Volume 572, December 2014
|Number of page(s)||11|
|Section||Galactic structure, stellar clusters and populations|
|Published online||04 December 2014|
Vertical velocities from proper motions of red clump giants
1 Instituto de Astrofísica de Canarias, 38205 La Laguna, Tenerife, Spain
2 Departamento de Astrofísica, Universidad de La Laguna, 38206 La Laguna, Tenerife, Spain
3 Dept. d’Astronomia i Meteorologia, Institut de Ciències del Cosmos, Universitat de Barcelona, IEEC, Martí i Franqués 1, 08028 Barcelona, Spain
Received: 9 July 2014
Accepted: 12 September 2014
Aims. We derive the vertical velocities of disk stars in the range of Galactocentric radii of R = 5 − 16 kpc within 2 kpc in height from the Galactic plane. This kinematic information is connected to dynamical aspects in the formation and evolution of the Milky Way, such as the passage of satellites and vertical resonance and determines whether the warp is a long-lived or a transient feature.
Methods. We used the PPMXL survey, which contains the USNO-B1 proper motions catalog cross-correlated with the astrometry and near-infrared photometry of the 2MASS point source catalog. To improve the accuracy of the proper motions, the systematic shifts from zero were calculated by using the average proper motions of quasars in this PPMXL survey, and we applied the corresponding correction to the proper motions of the whole survey, which reduces the systematic error. From the color-magnitude diagram K versus (J − K) we selected the standard candles corresponding to red clump giants and used the information of their proper motions to build a map of the vertical motions of our Galaxy. We derived the kinematics of the warp both analytically and through a particle simulation to fit these data. Complementarily, we also carried out the same analysis with red clump giants spectroscopically selected with APOGEE data, and we predict the improvements in accuracy that will be reached with future Gaia data.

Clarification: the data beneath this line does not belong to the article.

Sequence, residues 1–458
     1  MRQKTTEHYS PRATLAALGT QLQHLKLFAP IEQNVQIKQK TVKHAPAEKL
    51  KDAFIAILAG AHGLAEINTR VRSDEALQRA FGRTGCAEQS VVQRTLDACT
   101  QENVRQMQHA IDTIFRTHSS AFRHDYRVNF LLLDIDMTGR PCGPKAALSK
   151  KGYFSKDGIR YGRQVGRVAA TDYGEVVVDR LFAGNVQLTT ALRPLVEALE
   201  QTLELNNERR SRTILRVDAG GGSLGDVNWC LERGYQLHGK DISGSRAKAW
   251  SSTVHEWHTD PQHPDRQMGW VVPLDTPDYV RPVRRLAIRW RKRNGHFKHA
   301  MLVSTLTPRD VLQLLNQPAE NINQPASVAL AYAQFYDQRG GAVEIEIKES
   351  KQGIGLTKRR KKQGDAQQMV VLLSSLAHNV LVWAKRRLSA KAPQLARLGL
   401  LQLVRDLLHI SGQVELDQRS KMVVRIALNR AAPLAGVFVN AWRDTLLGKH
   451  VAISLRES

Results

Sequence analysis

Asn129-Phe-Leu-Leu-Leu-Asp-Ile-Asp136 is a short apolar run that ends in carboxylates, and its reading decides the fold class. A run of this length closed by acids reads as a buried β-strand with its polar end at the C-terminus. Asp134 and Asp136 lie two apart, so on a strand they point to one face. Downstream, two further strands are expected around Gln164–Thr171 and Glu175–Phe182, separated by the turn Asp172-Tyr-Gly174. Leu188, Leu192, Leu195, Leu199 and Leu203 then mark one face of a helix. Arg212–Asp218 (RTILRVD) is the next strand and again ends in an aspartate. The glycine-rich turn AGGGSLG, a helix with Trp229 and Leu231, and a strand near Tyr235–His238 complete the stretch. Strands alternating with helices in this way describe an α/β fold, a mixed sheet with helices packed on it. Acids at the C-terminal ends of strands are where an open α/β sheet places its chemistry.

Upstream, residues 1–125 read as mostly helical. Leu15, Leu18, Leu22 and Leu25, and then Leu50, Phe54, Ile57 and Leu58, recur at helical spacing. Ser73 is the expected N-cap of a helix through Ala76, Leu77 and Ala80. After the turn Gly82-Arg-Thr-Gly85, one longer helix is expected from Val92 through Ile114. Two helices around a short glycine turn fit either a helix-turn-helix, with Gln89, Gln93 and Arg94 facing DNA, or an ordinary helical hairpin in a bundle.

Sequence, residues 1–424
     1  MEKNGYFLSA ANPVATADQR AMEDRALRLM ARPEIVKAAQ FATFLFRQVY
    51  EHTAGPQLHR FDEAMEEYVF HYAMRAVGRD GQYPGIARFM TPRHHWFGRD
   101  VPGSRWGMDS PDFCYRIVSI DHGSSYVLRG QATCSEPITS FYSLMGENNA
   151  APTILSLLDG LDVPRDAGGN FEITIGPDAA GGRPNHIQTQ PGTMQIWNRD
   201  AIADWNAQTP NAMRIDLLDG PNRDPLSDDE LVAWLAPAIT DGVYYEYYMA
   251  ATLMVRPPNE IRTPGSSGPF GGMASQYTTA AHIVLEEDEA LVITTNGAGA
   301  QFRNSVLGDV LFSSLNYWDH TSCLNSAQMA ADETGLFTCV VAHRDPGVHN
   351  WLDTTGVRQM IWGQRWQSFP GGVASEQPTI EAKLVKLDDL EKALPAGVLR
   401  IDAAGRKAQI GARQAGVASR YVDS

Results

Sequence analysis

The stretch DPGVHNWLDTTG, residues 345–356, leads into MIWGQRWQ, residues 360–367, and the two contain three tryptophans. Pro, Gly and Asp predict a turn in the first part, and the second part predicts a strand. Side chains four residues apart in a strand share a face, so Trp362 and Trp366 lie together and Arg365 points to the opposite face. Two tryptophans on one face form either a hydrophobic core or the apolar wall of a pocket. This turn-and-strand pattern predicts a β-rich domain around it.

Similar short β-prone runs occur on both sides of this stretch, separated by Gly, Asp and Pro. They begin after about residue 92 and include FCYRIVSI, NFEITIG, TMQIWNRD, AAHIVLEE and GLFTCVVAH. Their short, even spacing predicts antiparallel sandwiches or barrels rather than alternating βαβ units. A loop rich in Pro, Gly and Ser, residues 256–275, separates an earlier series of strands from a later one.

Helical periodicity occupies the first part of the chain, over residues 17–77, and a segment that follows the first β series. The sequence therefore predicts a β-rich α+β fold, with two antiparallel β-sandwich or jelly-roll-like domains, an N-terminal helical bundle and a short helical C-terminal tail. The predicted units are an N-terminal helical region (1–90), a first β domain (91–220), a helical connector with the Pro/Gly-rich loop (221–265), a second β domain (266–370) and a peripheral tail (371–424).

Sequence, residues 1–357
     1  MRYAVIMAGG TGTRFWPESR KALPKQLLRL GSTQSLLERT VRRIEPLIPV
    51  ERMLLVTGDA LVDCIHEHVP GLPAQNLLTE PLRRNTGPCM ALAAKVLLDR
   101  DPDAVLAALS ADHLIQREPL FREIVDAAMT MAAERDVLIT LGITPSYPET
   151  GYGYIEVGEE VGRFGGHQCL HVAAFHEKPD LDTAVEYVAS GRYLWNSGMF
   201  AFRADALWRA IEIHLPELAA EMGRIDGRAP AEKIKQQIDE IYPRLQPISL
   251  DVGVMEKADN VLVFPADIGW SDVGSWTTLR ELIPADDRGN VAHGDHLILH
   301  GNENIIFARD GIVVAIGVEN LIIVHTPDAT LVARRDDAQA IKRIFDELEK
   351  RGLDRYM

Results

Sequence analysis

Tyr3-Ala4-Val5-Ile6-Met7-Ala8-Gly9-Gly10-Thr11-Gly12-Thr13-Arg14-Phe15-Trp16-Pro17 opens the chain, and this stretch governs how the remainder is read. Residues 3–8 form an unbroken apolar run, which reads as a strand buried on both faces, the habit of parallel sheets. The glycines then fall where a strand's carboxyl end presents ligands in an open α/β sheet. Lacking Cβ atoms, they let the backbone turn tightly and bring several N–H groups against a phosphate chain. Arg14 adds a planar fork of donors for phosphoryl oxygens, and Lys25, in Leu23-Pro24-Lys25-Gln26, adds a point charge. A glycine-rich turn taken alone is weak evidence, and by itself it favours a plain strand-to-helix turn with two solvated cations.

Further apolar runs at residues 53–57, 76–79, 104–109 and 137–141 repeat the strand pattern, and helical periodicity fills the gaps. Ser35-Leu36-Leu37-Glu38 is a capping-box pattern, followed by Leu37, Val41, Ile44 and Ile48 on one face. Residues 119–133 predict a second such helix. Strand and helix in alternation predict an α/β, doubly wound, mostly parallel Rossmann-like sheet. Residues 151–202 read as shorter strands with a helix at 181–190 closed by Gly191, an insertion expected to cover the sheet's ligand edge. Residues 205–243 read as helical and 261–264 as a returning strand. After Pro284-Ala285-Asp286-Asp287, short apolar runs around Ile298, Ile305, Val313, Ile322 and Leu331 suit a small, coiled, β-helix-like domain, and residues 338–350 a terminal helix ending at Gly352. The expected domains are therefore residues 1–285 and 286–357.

Results. A simple model of warp with the height of the disk zw(R,φ) = γ(R − R⊙)sin(φ − φw) fits the vertical motions if /γ = -34±17 Gyr-1; the contribution to comes from the southern warp and is negligible in the north. If we assume this 2σ detection to be real, the period of this oscillation is shorter than 0.43 Gyr at 68.3% C.L. and shorter than 4.64 Gyr at 95.4% C.L., which excludes with high confidence the slow variations (periods longer than 5 Gyr) that correspond to long-lived features. Our particle simulation also indicates a probable abrupt decrease of the warp amplitude in a time of about one hundred Myr.
Conclusions. The vertical motion in the warp apparently indicates that the main S-shaped structure of the warp is a long-lived feature, whereas the perturbation that produces an irregularity in the southern part is most likely a transient phenomenon. But we need higher accuracy in the systematic errors of proper motions to confirm this tentative detection of vertical motion in the outer disk. With the use of the Gaia end-of-mission products together with spectroscopically classified red clump giants, the precision in vertical motions can be increased by an order of magnitude at least.
Key words: Galaxy: kinematics and dynamics / Galaxy: disk
© ESO, 2014
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